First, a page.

但我總感覺這樣的狀態似乎有些不對勁。大學時，我發現自己有些症狀而求助於精神診所，並被診斷為「身心俱疲症候群*」。即使已經康復，仍有幾次因為壓力過 大而險些復發；我也有些朋友和同事的確在心理上生病了，甚至走上自殺一途。事實上，由於現代社會充滿著各種壓力和孤獨，沒有人能夠對精神疾病免疫，因此， 繼續將精神疾患視為禁忌，使得大多數人不願意正視這個議題，是相當危險的。
在這部紀錄片《完全精神手冊》裡，我希望能夠除去這片看不見的簾子，不過不是以說教的方式，而是純粹透過觀察。身為一個紀錄片工作者，對我而言，最重要的 態度是，用我的眼睛和攝影機直視這些病患的世界，而不帶有任何先入為主或特定的想法，不為他們貼上任何「弱者」、「危險人物」或甚至「偉大」的標籤。如同 我之前的作品《完全選舉手冊》，我盡可能在沒有任何事前準備的狀態下，自由而自發性地拍攝。
by Kazuhiro Soda
In my previous documentary film CAMPAIGN, there is a scene where volunteers gossip about a 『psychotic woman』 standing right outside the election campaign headquarters in Kawasaki, Japan.
『See that woman standing across the street? She’s psychotic. When she was still sane, she had long hair and big tits. She called herself the Marilyn Monroe of Kawasaki,』 they say.
As seen in this conversation, 『psychotic people』 are often the subject of curiosity, excitement, and ridicule, among healthy people. They are not considered to be fellow human beings but some kind of creatures from another world who occasionally appear in front of us. There seems to be a transparent curtain that divides healthy and mentally ill people. Most healthy people see the world of mental illness as irrelevant to their lives.
But I have been feeling that there’s something wrong about this situation. When I was a college student, I myself felt sick and decided to go to a mental clinic, where I was diagnosed with 『burnout syndrome*.』 Even after I recovered from the syndrome, there were several times when I almost became sick because of too much stress. I also have some friends and colleagues who actually became mentally ill and even committed suicide. In fact, because modern society is filled with pressure, stress, and the sense of solitude, nobody is immune to mental illness. Thus, it is quite dangerous that mental illness remains a taboo and that most people turn their eyes away from the subject.
Therefore, in my documentary MENTAL, my aim is to get rid of this invisible curtain, not by sending political messages, but simply by observing. The most important attitude for me as a filmmaker was to look straight with my own eyes and my camera at the world of patients without any preconceived or fixed ideas, without labeling them as 『the weak,』 『the dangerous,』 or even as 『the great.』 In order to do that, just like in my previous film CAMPAIGN, I tried to shoot as freely and spontaneously as possible without preparing anything beforehand.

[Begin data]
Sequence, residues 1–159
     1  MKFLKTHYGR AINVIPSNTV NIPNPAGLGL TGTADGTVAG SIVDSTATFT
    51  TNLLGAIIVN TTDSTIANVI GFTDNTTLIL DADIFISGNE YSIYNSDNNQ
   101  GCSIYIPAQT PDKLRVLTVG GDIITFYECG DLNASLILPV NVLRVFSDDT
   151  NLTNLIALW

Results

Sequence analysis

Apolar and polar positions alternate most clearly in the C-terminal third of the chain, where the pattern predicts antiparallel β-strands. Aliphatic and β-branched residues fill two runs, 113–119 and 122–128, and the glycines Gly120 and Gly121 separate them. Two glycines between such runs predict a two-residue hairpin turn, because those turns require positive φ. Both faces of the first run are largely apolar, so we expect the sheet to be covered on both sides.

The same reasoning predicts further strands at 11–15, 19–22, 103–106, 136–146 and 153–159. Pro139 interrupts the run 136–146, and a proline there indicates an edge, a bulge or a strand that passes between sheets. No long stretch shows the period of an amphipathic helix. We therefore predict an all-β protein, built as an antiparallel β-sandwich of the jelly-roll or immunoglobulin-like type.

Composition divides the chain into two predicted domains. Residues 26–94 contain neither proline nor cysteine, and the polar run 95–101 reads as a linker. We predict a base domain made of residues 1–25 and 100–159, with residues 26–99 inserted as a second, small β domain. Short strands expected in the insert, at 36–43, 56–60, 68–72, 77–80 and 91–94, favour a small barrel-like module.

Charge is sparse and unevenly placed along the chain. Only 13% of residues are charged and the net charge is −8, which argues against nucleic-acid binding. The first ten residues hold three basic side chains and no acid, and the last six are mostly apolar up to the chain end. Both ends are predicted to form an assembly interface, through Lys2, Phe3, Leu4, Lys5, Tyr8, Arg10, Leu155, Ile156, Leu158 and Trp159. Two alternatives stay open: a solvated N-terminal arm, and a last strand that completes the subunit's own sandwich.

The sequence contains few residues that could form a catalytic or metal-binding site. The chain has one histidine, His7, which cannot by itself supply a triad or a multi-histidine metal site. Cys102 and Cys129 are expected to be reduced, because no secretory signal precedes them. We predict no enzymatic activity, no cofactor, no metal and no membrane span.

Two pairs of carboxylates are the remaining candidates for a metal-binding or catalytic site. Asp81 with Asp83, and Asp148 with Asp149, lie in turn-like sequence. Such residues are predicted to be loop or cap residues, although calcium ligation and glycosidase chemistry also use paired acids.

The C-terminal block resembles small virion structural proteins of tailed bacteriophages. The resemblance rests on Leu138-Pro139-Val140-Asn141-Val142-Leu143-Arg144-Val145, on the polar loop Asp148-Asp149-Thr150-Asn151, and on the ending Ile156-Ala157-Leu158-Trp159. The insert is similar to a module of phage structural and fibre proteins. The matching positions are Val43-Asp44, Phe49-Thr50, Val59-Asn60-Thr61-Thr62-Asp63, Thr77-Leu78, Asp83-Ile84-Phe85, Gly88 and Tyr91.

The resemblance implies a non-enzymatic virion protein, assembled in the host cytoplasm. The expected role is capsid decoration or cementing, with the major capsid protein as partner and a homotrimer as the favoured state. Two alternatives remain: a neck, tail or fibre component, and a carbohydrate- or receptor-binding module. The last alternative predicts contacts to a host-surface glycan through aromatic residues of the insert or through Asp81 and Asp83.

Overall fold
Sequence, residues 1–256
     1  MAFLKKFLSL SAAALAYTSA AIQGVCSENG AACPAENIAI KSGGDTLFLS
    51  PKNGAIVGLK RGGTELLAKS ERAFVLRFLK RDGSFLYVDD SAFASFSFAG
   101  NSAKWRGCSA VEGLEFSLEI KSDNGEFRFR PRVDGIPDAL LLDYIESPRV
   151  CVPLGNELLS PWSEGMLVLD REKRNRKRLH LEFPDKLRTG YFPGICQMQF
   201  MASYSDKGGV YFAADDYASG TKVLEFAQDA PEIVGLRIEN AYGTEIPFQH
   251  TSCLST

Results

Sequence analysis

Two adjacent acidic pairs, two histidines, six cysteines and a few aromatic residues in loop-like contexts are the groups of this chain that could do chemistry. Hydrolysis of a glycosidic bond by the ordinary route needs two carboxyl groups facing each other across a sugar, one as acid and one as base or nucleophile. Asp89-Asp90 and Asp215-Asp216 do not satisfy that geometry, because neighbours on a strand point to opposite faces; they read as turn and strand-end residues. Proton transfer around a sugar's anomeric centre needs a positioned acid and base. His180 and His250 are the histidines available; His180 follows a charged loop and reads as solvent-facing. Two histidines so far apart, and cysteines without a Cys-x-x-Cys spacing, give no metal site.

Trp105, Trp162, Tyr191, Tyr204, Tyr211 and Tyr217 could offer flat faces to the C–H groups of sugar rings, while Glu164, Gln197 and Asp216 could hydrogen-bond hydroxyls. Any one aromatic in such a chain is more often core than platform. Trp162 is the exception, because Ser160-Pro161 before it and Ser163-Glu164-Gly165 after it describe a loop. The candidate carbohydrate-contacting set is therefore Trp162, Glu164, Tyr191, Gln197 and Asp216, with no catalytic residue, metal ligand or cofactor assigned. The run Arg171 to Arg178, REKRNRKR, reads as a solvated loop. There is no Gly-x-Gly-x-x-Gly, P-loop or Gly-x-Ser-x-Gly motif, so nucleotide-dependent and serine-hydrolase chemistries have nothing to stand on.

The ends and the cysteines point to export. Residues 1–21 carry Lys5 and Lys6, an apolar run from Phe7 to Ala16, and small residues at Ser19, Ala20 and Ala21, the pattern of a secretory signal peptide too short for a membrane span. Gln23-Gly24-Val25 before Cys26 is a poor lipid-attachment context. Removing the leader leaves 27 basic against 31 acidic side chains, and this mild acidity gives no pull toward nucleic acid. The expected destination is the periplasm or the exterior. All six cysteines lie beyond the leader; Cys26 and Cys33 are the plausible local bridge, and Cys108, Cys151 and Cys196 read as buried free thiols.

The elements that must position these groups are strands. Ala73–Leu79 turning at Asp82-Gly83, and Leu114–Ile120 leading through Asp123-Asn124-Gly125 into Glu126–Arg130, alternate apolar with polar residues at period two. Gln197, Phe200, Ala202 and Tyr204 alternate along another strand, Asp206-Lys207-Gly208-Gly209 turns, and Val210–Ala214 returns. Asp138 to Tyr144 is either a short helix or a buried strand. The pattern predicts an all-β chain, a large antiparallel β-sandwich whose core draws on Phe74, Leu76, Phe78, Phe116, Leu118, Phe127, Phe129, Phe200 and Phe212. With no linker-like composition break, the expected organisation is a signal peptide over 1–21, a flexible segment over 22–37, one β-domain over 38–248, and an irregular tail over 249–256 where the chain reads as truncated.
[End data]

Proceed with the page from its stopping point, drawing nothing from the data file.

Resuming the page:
In the editing, I did not use any narration, super-imposed titles, or music, so that I can show the complex reality as it is, avoiding stereotypical simplification. I also tried to stimulate the audience’s active observation, leaving lots of room for them to freely interpret what they see on the screen. In addition, I tried to recreate the time and space I experienced so that the audience will feel as if they visited the clinic and saw these patients themselves.
MENTAL has no 『message』 nor 『statement』 nor 『conclusions.』 Rather, I want to make a movie that is as far away as possible from propaganda. It would be an immense pleasure for me if the viewers could come up with their own observations, thoughts, and questions, while they watch MENTAL, and afterwards.
* burnout syndrome: physical or mental collapse caused by overwork or stress: high levels of professionalism that may result in burnout. (Oxford Dictionary)